This avalanche of companies abandoning the NRA is just the latest chapter in the gradual politicization of every square inch of the public sphere, which has compelled traditionally nonpartisan companies to take one partisan stand after another. One year ago, in the fallout over the president’s proposed travel ban, Uber’s CEO, Travis Kalanick, left the White House advisory council. Four months later, the tech entrepreneur Elon Musk and Disney’s CEO, Bob Iger, left the same forum after the president withdrew from the Paris climate agreement. When Trump refused to explicitly condemn the far-right protesters in Charlottesville, more business leaders, including Merck’s CEO, Kenneth Frazier, exited en masse from his manufacturing council.
Uber is not an immigration firm. Disney is not a climate-advocacy organization. Merck is not a civil-rights group. But under Trump, they have completed their development into activists on the issues of migration, carbon emissions, and white racism anyway. Trump’s language often forces companies to take sides in political debates, and his unpopularity makes it safe—even necessary—to side against him.
Many business leaders are getting political because they have determined that, in this environment, the noisiest position is often to remain silent in the face of national condemnation. But in politics, responding to one group of consumers invariably means angering another. Several conservative writers tweeted that they would boycott United, Hertz, and other companies that eliminated their discount policies with the NRA. “Corporations boycotting NRA should be boycotted,” the conservative commentator Mark R. Levin wrote. The choice for companies is simple and stark: Suffer the slings and arrows of liberal activism, or endure the rage and resentment of spurned conservatives. In today’s culture wars, for-profits are the new nonprofits.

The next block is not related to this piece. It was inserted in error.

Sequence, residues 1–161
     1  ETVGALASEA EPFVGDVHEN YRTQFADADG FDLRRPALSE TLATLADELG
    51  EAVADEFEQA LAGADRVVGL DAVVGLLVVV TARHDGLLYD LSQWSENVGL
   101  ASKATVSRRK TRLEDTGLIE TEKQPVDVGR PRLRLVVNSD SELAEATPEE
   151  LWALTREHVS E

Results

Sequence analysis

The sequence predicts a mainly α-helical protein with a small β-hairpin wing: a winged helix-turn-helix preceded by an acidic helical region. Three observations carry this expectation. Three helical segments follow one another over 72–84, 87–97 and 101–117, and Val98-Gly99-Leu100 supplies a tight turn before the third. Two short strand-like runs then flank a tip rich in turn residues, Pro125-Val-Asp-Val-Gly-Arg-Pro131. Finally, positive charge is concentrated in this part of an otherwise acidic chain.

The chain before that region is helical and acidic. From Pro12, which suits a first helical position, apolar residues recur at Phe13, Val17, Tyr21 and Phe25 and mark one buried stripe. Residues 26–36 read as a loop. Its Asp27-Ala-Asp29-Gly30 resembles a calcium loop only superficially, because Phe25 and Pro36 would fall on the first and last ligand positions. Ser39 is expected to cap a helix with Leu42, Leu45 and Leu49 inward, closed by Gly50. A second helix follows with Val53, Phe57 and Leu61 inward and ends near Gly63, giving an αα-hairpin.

One important question raised by all this is if there is a deeper force at work. Have America’s corporations shifted to the left, even as national government has moved toward the Republican Party? Or are companies just more sensitive to protests than a divided government is?
In many cases, America’s corporate community has become a quiet defender of socially liberal causes. Nearly 400 companies filed an amicus brief in 2015 urging the Supreme Court to legalize same-sex marriage, including Amazon, Aetna, Apple, American Airlines, American Express, and AT&T (and those are just the ones starting with the first letter of the alphabet). Hundreds of executives, many from tech companies, signed a 2017 letter urging the president to protect immigrants brought to the U.S. as children by saving the Deferred Action for Childhood Arrivals (DACA) program. When North Carolina passed a law against transgender-friendly bathrooms, the NCAA announced in 2016 that it would pull its college-basketball tournament from the state (and other companies withdrew their business, too).